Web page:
Newton also was a keen student of Alchemy. Smart people can still believe in things which ultimately turn out to be wrong, especially if we are referring to people who lived a long time back, when our understanding of such things was much more limited.

Darwin lost his strong belief in a standard creator God as his rational mind realizes the implications of what he observed on his travels.

Collins (I assume you are referring to Frances Collins, now the NIH director) is defintely not applying his cleverness to his naive evangelical beliefs.

Vermes and Aquinas may have been been or be clever, but pretty obviously are/were rather heavily immersed in religion from an early age and it suited them, so they demonstrate nothing, when set against the strong majority of top scentists, such as those in the National Academy of Sciences, who give little or credence to God, who I suspect would all count as clever people. Einstein did not believe in any kind of personal God.

That said, I was not even assuming the non-existence of God in my criticism, since I see that even if you allow the existence of a God entity of some kind, for the sake of argument, the attributes of this entity are either just assumed, taken for granted, or 'justified' with arguments which still make all kinds of assumptions.

That 'made in the image of God' thing I was referring to at the start really doesn't stand up to any serious digging, even just to work out just what it means, since obviously there is little or nothing about human beings which could by any stretch be matched to anything about 'God'.

Regarding Theology, see the quote in my sig from Sam Harris.

The most absurd thing about that series of assertions is the assumed obsession of this super-being with being 'glorified'.

It is a well established principle in logic that if your premises are not well justified, then neither will any conclusions be worth much. Once you let a contradiction slip in, you can actually 'logically' prove anything.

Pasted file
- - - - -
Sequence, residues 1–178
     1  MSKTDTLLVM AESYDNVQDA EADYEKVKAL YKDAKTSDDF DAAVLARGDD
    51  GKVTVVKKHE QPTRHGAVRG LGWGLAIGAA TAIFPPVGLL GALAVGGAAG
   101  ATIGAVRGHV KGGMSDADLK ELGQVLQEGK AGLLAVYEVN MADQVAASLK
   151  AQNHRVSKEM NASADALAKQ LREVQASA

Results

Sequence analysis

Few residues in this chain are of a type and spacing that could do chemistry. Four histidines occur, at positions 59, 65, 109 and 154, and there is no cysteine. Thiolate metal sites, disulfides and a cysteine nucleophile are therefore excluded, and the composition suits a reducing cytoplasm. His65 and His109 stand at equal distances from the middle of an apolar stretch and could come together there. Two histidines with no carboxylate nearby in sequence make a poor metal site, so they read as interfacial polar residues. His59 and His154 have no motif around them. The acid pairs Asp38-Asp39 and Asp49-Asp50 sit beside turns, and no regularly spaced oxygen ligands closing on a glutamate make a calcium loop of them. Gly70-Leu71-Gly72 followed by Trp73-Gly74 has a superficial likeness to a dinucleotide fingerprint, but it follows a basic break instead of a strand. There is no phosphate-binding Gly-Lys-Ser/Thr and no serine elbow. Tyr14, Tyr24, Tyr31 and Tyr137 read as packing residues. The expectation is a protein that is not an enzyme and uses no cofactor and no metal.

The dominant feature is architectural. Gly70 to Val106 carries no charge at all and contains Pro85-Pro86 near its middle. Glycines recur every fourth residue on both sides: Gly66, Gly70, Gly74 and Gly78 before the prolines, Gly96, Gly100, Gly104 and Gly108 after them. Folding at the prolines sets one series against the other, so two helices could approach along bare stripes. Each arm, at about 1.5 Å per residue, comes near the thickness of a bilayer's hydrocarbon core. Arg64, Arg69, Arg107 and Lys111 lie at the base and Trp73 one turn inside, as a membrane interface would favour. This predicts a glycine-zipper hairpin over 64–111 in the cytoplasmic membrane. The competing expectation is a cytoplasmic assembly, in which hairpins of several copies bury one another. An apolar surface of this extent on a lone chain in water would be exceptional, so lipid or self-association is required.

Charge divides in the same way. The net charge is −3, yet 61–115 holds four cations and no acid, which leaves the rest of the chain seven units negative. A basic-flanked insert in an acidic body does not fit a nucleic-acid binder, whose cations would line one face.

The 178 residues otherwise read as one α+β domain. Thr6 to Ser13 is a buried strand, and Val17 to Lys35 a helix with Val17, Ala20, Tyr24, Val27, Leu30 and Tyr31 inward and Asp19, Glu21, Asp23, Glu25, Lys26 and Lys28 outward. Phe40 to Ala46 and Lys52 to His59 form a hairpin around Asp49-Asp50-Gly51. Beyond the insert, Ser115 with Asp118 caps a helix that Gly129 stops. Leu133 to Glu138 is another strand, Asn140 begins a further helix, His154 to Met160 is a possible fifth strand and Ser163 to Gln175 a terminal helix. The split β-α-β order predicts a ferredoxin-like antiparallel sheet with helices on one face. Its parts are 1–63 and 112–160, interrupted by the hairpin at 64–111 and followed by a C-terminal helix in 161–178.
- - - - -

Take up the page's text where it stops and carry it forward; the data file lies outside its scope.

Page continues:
You can't base any serious argument on the assumed truth of such a blatantly inconsistent source as the Bible.

Favorite oxymorons: Gospel Truth, Rational Supernaturalist, Business Ethics, Christian Morality

"Theology is now little more than a branch of human ignorance. Indeed, it is ignorance with wings." - Sam Harris

The path to Truth lies via careful study of reality, not the dreams of our fallible minds - me

From the sublime to the ridiculous: Science -> Philosophy -> Theology


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In a syllogism, one

In a syllogism, one proposition follows from two others. These are not syllogisms. I suppose, that similar to how Gaffer pretends to be an expert at mathematics, you are going to pretend to be a philosopher.

 

Our revels now are ended. These our actors, | As I foretold you, were all spirits, and | Are melted into air, into thin air; | And, like the baseless fabric of this vision, | The cloud-capped towers, the gorgeous palaces, | The solemn temples, the great globe itself, - Yea, all which it inherit, shall dissolve, | And, like this insubstantial pageant faded, | Leave not a rack behind. We are such stuff | As dreams are made on, and our little life | Is rounded with a sleep. - Shakespeare


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butterbattle wrote:In a

butterbattle wrote:

In a syllogism, one proposition follows from two others. These are not syllogisms. I suppose, that similar to how Gaffer pretends to be an expert at mathematics, you are going to pretend to be a philosopher.